Seated Exercises: Effective Moves to Strengthen Your Body

When getting up to move isn’t an option because of injury or balance issues, seated exercises can help you stay healthy and fit.

Published Date: Nov 16, 2023

Seated Exercises: Effective Moves to Strengthen Your Body

When getting up to move isn’t an option because of injury or balance issues, seated exercises can help you stay healthy and fit.

Published Date: Nov 16, 2023

Seated Exercises: Effective Moves to Strengthen Your Body

When getting up to move isn’t an option because of injury or balance issues, seated exercises can help you stay healthy and fit.

Published Date: Nov 16, 2023

Seated Exercises: Effective Moves to Strengthen Your Body

When getting up to move isn’t an option because of injury or balance issues, seated exercises can help you stay healthy and fit.

Published Date: Nov 16, 2023
Table of Contents

If you’ve ever felt like your workout “didn’t count” because it didn’t involve lifting weights at the gym or running on the treadmill or doing a heart-pounding workout class, it’s time to reset your thinking on what makes for a good workout. You don’t have to be dripping with sweat or go to the gym or even be standing to get fit. Gentler activities like walking, yoga, and seated exercises can be effective and offer advantages for people of all abilities.

“Seated exercising is not equivalent to just sitting,” says Jillian Aeder, PT, DPT, a physical therapist at Hinge Health. “It’s giving you an option for exercising in situations where you might not be able to stand.”

Daily movement is vital for good health. It helps combat stiffness, weakness, and aches and pains. But sometimes, getting up and moving isn’t an option due to aging, issues with balance, or an injury. That’s when seated exercises can help you stay fit and healthy until you’re able to get back on your feet.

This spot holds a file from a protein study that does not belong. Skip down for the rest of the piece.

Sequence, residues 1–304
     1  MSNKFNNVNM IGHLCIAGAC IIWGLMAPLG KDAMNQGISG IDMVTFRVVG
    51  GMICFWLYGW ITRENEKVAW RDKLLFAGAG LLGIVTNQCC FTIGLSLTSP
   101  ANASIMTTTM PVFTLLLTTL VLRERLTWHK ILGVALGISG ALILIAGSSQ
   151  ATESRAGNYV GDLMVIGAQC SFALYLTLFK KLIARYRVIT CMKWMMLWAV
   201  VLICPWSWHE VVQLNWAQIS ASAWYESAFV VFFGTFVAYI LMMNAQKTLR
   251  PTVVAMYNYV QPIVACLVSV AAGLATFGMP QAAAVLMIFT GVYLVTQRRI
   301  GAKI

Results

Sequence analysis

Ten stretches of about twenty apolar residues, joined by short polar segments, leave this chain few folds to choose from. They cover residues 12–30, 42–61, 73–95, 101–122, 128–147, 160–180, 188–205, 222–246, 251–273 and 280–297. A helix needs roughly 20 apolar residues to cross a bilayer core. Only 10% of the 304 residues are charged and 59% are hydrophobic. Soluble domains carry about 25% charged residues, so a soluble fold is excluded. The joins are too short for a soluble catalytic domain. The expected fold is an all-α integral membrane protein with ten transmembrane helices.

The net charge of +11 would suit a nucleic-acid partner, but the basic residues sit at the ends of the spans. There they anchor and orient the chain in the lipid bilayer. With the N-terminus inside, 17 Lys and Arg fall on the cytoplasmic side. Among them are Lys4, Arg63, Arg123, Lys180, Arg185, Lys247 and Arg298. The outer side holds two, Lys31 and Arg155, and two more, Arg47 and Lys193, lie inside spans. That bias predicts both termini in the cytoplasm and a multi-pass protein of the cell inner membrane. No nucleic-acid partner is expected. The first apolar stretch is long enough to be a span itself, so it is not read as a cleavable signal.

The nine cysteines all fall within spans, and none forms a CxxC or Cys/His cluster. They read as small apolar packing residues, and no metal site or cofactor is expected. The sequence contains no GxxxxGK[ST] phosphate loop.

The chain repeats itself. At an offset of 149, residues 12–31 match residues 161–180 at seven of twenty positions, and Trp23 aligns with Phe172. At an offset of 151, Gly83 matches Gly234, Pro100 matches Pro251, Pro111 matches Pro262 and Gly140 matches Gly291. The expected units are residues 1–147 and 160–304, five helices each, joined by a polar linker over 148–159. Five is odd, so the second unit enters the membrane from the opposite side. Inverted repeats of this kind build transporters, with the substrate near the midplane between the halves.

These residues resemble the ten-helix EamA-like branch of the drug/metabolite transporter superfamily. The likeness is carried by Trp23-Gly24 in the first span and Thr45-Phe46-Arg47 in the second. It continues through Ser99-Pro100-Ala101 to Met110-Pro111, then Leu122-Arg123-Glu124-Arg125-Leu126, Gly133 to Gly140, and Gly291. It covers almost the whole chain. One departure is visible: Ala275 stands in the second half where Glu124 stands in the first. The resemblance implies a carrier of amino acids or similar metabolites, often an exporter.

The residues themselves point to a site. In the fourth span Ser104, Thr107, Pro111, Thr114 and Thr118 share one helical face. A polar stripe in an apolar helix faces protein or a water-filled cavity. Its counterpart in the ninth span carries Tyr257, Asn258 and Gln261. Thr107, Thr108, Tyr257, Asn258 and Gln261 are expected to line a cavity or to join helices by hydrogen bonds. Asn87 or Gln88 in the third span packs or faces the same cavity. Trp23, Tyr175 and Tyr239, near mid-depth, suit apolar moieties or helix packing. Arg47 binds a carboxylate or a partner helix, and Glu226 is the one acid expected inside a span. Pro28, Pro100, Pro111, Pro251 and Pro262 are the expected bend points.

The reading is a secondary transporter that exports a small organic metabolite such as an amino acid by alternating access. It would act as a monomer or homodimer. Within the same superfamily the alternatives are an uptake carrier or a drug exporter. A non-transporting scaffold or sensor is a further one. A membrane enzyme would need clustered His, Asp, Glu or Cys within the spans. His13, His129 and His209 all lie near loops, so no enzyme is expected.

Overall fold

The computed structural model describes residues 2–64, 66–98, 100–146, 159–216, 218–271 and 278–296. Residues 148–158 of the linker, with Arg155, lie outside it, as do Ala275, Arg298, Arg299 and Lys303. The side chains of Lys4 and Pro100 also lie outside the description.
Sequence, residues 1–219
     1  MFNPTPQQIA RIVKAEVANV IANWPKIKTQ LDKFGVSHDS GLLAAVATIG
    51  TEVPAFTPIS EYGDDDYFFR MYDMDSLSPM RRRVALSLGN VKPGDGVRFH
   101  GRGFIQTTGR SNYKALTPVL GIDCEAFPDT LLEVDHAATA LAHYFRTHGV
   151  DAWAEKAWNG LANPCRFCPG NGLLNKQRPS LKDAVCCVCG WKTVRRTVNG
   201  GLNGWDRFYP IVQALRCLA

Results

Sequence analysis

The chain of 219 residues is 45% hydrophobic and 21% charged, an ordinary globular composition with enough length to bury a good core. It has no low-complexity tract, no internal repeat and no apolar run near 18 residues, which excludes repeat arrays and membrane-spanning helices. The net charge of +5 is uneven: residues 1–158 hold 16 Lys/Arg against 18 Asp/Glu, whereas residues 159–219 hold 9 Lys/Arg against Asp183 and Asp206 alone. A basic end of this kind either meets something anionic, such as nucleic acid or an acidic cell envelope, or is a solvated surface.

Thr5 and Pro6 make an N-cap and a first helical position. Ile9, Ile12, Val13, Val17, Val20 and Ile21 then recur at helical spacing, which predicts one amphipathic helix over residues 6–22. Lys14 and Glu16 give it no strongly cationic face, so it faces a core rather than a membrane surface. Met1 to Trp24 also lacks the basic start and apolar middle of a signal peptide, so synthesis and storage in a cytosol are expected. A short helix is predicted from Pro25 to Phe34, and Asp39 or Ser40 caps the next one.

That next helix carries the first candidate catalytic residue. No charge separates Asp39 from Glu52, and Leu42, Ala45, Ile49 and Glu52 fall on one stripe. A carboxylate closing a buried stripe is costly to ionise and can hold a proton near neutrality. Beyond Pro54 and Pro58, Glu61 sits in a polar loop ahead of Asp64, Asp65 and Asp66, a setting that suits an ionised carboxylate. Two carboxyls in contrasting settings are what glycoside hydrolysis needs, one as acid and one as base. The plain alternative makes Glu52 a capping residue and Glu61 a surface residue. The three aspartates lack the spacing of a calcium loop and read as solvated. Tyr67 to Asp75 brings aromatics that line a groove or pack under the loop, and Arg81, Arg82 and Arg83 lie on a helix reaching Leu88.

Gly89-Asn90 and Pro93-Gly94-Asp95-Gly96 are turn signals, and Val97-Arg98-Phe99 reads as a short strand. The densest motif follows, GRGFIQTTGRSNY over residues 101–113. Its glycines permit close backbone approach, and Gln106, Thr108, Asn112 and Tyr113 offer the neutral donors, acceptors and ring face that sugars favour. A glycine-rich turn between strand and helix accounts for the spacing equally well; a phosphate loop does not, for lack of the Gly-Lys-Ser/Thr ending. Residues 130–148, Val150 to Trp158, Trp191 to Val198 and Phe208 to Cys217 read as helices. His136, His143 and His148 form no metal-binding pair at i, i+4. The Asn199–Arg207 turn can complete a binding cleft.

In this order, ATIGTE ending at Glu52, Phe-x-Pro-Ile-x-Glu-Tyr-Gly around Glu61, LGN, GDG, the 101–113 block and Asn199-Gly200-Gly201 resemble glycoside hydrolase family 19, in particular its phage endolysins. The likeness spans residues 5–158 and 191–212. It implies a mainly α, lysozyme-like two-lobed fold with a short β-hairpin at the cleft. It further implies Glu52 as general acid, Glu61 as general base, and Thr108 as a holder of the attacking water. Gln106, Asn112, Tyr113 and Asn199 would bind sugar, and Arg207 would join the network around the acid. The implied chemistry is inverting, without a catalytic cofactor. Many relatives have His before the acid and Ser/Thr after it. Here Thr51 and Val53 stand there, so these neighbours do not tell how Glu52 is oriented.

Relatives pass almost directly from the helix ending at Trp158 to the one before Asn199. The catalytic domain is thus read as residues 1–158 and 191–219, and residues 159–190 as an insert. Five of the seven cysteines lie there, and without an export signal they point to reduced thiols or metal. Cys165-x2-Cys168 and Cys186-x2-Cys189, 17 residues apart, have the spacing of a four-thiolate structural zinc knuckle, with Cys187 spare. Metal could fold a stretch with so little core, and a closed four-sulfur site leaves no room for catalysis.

Read on to learn why seated exercises are beneficial, when to use them, and how to get the most out of a seated workout. Plus, tips on how to get started with seated exercises recommended by Hinge Health physical therapists.

Our Hinge Health Experts

Jillian Aeder, PT, DPT
Physical Therapist
Dr. Aeder is a Hinge Health physical therapist and a board-certified athletic trainer.
Jonathan Lee, MD, MBA
Orthopedic Surgeon and Medical Reviewer
Dr. Lee is a board-certified orthopedic surgeon and an Associate Medical Director at Hinge Health.
Dylan Peterson, PT, DPT
Physical Therapist and Clinical Reviewer
Dr. Peterson is a Hinge Health physical therapist who focuses on developing clinical exercise therapy programs and member education.

How Effective Are Seated Exercises?

“Seated exercises can be just as effective as standing exercises, and they’re more effective than no exercise at all,” says Dr. Aeder. “And just like standing exercises, there are ways to make seated exercises more challenging, too.”

Different types of seated exercises can provide different benefits. Here are a few examples:

  • Seated rows build strength. 

  • Seated chest openers help support a healthy posture. 

  • Seated cat cows enhance mobility.